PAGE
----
Grim Fandango and hitting the nostalgia brick wall

It’s still an intelligent, heart-warming puzzle game, but replaying the re-mastered version of Grim Fandango sadly wasn’t everything Phil Hartup had hoped for.

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My struggles with Grim Fandango go back a long time, back into a forgotten time known to historians as the late 1990s. It was a simpler time – games had yet to become franchises, there was a remix of For An Angel for every day of the week and Tony Blair still smelled like a new car rather than triangulation and brimstone. There I was, minding my own business, when a friend loaned me this adventure game, told me it was amazing, and I got started on a short path that ended with me completely not getting what all the fuss was about and going to play Half Life instead.

My problem with Grim Fandango at the time was that the game did not particularly grab me. I had no frame of reference with the noir setting and no patience for games that didn’t involve some sort of action and excitement. Years later, hearing other opinions on the greatness of the game I resigned myself to the belief that it wasn’t the fault of the game that I didn’t like it, that I was just a savage for not appreciating it. And perhaps I was.

Fast forward to 2015, Grim Fandango returns with a new re-mastered edition, and I wondered if maybe, just maybe, an older, wiser Phil, unburdened by the raging hormones and impetuousness of youth can get to grips with the old classic.

There are a couple of elements about Grim Fandango that immediately strike me picking up the game today. Firstly unlike so many other games from the era which have been dipped into for inspiration by subsequent titles, the originality of Grim Fandango is comparatively intact. This is remarkable in no small part because the setting itself is imaginative you’d think people would have been all over it, stripping it down for parts like the last Boeing in the bone yard. The second element is its comedic tone, which again is something which few games have shot for, at least in this way. Comedy games have tended towards shock humour like the Postal or GTA series, crass, juvenile satire of the Family Guy and South Park style. As much as Grim Fandango has been praised for its humour over the years, its style has largely vanished from games, perhaps because it is easier to make jokes about weeing on people than introducing Marxism to giant bees.

The tone and the setting are what make Grim Fandango more than anything else. The game takes place in a kind of Aztec afterlife, populated by demons and the dead, but this world is manifested as being very much like a mid-twentieth century film noir. There are frustrated blue collar demons and miserable white collar souls working in crummy offices at jobs they hate and a pervading sense of corruption and hopelessness. The tone of the game prevents this from becoming too dark, despite the film noir traditions the setting invokes. The demons are big and brightly coloured, like they just ambled out of a Jim Henson movie, the lost souls are cheerful cartoon skeleton people and the game doesn’t take anything too seriously, even being murdered in the world of Grim Fandango just means getting turned into a little patch of flowers. To this day it remains an intelligent, heart-warming puzzle game.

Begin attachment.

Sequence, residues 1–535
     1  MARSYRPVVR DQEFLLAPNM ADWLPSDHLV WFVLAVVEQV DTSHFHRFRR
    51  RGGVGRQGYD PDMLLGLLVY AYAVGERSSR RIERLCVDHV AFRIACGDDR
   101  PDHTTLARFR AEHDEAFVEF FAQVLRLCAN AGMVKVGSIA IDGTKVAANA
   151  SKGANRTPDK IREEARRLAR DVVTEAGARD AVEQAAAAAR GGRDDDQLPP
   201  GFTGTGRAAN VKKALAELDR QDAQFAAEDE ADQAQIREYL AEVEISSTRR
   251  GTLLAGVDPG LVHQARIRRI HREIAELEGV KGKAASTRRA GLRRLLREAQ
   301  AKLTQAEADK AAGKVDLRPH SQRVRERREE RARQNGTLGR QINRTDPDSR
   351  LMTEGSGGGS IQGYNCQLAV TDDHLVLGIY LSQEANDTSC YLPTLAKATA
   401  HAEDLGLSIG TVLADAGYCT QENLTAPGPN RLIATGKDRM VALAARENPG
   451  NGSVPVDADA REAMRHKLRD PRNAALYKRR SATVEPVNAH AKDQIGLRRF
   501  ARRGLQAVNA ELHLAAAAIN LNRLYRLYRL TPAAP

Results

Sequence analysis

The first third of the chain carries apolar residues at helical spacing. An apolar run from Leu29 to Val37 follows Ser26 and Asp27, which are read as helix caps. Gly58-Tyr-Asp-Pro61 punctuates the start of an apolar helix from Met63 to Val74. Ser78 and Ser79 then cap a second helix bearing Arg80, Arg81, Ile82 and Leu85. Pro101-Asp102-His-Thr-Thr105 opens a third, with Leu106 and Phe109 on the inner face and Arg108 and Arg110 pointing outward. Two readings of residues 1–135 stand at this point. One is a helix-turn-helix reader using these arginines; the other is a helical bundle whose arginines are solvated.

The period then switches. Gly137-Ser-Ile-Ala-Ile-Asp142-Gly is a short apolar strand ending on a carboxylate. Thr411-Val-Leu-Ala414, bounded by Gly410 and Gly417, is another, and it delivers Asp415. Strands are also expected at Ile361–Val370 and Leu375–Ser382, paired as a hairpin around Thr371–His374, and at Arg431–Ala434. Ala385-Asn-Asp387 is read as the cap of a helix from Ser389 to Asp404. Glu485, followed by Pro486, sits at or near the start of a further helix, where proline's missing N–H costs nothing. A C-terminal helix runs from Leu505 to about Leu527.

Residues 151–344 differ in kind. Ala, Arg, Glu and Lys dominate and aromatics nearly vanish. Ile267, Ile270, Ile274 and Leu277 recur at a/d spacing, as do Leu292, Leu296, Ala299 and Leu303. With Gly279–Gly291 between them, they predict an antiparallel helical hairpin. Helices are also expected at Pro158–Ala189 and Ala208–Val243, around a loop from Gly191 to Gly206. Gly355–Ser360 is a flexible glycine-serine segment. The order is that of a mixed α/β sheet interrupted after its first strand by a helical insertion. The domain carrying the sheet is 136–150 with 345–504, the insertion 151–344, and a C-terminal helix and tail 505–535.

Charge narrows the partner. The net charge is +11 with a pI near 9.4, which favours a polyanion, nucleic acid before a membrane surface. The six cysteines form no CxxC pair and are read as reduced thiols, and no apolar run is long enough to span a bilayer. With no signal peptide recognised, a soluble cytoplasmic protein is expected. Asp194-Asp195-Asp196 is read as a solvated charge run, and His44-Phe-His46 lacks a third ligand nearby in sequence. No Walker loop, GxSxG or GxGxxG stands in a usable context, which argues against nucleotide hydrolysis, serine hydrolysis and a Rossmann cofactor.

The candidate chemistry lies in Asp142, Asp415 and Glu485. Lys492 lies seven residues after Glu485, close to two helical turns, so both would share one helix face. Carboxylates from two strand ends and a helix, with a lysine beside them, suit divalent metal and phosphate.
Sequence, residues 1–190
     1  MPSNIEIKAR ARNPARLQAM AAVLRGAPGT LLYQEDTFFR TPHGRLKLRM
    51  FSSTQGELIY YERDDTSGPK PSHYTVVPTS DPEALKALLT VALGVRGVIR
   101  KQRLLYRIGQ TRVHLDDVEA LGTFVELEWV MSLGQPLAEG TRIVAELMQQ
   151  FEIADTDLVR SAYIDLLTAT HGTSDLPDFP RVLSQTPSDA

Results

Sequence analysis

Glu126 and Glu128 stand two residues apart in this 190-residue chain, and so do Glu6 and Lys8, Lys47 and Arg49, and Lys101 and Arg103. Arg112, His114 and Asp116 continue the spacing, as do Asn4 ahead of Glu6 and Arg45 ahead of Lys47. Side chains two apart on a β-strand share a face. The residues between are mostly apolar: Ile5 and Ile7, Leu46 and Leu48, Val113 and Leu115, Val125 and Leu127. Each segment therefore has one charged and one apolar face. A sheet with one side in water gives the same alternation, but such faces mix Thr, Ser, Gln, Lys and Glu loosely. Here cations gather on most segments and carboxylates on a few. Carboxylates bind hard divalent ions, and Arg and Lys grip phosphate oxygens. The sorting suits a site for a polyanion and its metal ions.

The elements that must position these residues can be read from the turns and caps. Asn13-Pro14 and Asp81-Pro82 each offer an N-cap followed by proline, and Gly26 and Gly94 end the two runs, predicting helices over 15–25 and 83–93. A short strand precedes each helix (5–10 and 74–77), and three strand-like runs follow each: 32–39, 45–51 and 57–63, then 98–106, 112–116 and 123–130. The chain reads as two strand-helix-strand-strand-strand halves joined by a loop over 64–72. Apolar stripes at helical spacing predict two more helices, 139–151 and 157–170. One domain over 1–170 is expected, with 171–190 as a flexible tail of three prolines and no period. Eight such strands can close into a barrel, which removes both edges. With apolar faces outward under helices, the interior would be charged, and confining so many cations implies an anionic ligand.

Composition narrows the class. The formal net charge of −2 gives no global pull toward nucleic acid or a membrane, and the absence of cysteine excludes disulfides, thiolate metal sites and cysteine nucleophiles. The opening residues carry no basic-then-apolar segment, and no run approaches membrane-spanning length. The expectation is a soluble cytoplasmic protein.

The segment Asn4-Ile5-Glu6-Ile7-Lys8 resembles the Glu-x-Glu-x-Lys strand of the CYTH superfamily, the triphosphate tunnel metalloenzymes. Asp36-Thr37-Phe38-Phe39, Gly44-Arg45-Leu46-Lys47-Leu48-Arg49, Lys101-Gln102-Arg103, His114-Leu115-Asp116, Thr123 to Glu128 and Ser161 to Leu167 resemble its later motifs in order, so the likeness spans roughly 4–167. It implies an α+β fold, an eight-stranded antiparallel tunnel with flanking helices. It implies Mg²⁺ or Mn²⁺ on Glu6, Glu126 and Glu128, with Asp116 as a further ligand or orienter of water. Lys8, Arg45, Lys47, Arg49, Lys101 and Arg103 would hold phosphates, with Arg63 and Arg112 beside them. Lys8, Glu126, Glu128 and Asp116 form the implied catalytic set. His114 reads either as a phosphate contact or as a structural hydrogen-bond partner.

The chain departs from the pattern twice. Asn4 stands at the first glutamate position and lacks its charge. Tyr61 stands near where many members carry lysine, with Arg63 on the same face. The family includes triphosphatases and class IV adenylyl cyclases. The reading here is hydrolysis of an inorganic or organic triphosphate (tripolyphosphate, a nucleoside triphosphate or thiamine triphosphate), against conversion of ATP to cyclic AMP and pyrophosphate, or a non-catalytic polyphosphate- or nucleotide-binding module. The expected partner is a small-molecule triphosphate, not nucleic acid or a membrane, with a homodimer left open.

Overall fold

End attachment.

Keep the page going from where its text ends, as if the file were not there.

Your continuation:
But playing it again I find myself still oddly rebuffed by the experience, gripped by the looming realisation that it really wasn’t me, it was the game all along. For all the critical acclaim and reverence heaped upon the game it has flaws, big ones, and it would take rosier tinted glasses than I have to see past them.

The first of these is the pacing. Now pacing is a tricky thing to get right in a puzzle game, by its very nature you can’t force the pace of a puzzle game because you’re meant to be thinking about things, the game has to essentially let you dictate the speed of play as you solve the puzzles. However the actual process of solving the puzzles in Grim Fandango tends to involve a lot of running around from place to place, picking up items, trying to use them in relation to things on the screen, and so on. You are doing a lot, but getting very little out of it. The world of Grim Fandango looks interesting enough, but there’s not nearly enough in it to make traipsing from A to B to C and back again because you didn’t grab enough of a particular object fun. You don’t run far, you don’t spend a long time in transit, but, for myself, I felt every wasted second of it.

The second flaw is that, due to the high production values of the game at the time it was made, very little energy could be diverted towards things that don’t advance the story. This means that there are few red herrings or things in the world that are not of immediate value to the game. You can’t get enough of a grip on the world around you to feel at home, which feels wasteful of such a fascinating setting. This is a game that in its day really pushed the boat out, but today feels quite bare and kind of lifeless, and not in a particularly good way.

Grim Fandango is a fascinating chunk of game history for many reasons and it should be played and studied and remembered, representing as it does one of the high points of its genre. But that said if you’re actually going to play it, for real, no guides, no walkthroughs, no nothing, you’re probably not going to have as much fun as you might expect.

Phil Hartup is a freelance journalist with an interest in video gaming and culture